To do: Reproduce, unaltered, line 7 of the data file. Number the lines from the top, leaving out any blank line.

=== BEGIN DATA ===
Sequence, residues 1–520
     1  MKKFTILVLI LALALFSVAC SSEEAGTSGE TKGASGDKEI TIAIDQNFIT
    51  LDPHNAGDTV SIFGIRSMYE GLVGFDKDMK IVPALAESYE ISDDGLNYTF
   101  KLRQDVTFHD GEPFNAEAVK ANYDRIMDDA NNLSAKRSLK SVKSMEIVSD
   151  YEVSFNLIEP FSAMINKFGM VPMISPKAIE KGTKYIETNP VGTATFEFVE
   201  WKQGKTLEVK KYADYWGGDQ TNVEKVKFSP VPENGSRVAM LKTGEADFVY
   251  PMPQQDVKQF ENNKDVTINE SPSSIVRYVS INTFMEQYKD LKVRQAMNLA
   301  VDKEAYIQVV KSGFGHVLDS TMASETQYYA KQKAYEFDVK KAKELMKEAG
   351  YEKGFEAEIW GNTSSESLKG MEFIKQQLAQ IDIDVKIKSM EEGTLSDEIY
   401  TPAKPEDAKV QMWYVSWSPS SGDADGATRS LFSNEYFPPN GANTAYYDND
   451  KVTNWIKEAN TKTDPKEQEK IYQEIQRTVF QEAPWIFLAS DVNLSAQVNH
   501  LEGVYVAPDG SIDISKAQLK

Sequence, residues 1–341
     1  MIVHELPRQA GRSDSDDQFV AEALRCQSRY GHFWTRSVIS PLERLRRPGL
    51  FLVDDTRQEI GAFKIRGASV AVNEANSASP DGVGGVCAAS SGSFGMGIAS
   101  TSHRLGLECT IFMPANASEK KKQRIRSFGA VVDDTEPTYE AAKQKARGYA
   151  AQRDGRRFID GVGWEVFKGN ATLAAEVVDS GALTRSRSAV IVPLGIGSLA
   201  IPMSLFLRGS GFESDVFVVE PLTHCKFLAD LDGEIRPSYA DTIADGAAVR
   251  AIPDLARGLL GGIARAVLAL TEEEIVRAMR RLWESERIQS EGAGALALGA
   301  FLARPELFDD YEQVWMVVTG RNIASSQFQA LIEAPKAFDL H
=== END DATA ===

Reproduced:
   251  PMPQQDVKQF ENNKDVTINE SPSSIVRYVS INTFMEQYKD LKVRQAMNLA